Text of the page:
How should governments tackle forced labor in Turkmenistan’s cotton industry?

How should governments tackle forced labor in Turkmenistan’s cotton industry?

  • Published on
    July 18, 2022
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  • Category:
    Forced Labor, Supply Chain
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The government of Turkmenistan once again forced tens of thousands of people, including children, to pick cotton for the 2021 harvest, according to and the Turkmen Initiative for Human Rights (TIHR).  

In a recent blog piece, published by Anti-Slavery International, Ruslan Myatiev, founder of, explains the findings from independent monitoring of state-sponsored forced labor in the Turkmen cotton industry, and calls for an import ban to pressure the regime to end the abuse.  

The regime profits from the forced labor of tens of thousands 

Last year’s cotton harvest saw the government forcing public sector employees, such as doctors and teachers, into the fields once more. People from other groups were forced to join them, such as migrant workers, service members with addictions, and people accused of alimony delinquency and sex work. Forced child labor was also recorded in the 2021 harvest. 

The cotton they pick continues to be sold on the global market, making its way into many of the products we buy. And the profits are sizeable. In 2020 alone, the E.U. imported around $7.7 million worth of cotton and over $5.1 million worth of textiles from Turkmenistan. 

For another year running, the prospects of the government changing its policy without international pressure are bleak. The regime exerts full control over civil society and heavily restricts freedom of speech and of association, making local campaigning and dissent extremely challenging.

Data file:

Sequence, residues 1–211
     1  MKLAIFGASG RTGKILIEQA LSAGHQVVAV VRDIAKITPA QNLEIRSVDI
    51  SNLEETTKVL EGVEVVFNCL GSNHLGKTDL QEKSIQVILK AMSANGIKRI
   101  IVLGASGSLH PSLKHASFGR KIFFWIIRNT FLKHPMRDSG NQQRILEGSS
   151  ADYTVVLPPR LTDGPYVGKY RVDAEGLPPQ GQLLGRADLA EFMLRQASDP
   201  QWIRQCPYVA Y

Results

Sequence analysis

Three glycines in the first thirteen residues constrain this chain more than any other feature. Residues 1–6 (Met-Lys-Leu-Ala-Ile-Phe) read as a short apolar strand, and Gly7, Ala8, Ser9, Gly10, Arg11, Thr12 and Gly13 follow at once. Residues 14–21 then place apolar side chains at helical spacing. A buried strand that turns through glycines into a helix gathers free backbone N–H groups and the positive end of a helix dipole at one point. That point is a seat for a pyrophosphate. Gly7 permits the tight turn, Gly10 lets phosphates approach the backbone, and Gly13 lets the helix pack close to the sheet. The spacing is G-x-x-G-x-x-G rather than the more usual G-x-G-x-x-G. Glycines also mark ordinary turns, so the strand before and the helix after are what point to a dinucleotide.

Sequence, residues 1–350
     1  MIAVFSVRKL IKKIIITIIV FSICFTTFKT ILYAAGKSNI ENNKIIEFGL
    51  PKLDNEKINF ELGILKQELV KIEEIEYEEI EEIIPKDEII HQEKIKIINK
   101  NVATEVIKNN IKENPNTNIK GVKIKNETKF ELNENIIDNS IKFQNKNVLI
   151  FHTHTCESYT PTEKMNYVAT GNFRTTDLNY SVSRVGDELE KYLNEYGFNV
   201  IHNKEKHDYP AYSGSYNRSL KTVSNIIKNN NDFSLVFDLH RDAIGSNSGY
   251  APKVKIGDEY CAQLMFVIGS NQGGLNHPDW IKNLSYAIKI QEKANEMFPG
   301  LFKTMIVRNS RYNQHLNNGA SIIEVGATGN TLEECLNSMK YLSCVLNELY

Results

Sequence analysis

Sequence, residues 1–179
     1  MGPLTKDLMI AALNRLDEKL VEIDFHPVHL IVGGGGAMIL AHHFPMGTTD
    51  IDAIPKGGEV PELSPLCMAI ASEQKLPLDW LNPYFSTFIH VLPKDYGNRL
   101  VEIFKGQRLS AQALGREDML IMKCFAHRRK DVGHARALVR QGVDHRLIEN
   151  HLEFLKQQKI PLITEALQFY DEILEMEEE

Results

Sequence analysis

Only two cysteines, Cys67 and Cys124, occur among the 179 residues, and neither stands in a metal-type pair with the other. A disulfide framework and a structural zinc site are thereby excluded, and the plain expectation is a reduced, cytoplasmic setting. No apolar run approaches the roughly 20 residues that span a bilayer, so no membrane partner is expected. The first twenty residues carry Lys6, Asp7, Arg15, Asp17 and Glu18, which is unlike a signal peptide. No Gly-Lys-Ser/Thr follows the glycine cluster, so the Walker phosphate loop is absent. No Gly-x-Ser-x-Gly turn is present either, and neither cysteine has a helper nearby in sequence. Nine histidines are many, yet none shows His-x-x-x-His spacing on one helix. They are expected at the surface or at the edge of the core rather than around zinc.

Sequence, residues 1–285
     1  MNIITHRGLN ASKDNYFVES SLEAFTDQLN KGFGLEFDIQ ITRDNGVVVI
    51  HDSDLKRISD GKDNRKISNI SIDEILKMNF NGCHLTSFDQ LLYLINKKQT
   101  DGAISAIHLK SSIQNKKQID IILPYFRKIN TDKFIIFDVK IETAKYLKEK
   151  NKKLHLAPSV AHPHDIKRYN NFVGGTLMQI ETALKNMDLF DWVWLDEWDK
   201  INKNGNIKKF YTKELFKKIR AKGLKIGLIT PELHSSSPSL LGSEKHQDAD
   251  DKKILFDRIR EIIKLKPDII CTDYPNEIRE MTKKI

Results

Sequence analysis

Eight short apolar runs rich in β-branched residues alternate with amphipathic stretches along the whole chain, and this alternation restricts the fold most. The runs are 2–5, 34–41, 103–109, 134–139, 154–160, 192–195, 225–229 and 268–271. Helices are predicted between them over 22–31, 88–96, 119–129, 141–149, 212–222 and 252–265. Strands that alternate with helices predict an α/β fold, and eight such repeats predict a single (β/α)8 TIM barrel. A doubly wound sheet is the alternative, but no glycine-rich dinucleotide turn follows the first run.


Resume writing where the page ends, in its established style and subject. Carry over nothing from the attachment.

How can we stop modern slavery in the Turkmen cotton industry?, along with global partners, including Anti-Slavery International, are calling on the E.U. and other governments to introduce an instrument that would enable import bans to be issued on products made with forced labor.  

Import bans are effective responses to large-scale, state-imposed forced labor, as in the Turkmen case. They are particularly useful when the efforts of civil society and businesses to engage with the government in question fail.  

Developing an effective E.U. mechanism against forced labor 

The European Commission is currently developing a new forced labor instrument. Many anti-modern slavery organizations, including Anti-Slavery International and Freedom United, have submitted input to the Commission on how to ensure the instrument addresses modern slavery as effectively as possible.  

In his blog for Anti-Slavery International, Ruslan Myatiev says that the instrument should allow E.U. border officials to detain or seize goods made with cotton from Turkmenistan given the systematic and widespread use of forced labor in this industry currently. 

He adds that the legislation should include: 

A clear objective designed to ensure the provision of effective remedy to affected stakeholders as efficiently and quickly as possible. Exceptionally, in the context of state-imposed forced labour in Turkmen cotton production, companies are unable to reach out to affected workers. As an alternative, businesses should be required to engage with representatives of the global Turkmen community to support financial aid to Turkmen refugees, including victims of forced labour, and Turkmen human and labour rights organisations working from exile. 

Lastly, Myatiev calls for countries around the world to align their approaches on import controls to lower the risk of the market simply re-locating to other geographies where there is no import ban.  

Call on governments to strengthen due diligence legislation 

The Freedom United community is urging the E.U. and governments around the world to pass strong legislation which will stop the products of modern slavery, like Turkmen cotton, from circulating freely on global markets.  

We are telling world leaders to put people before profit, and hold corporations accountable for failing to prevent modern slavery and human rights abuses in their supply chains. Join us today: sign this petition.  


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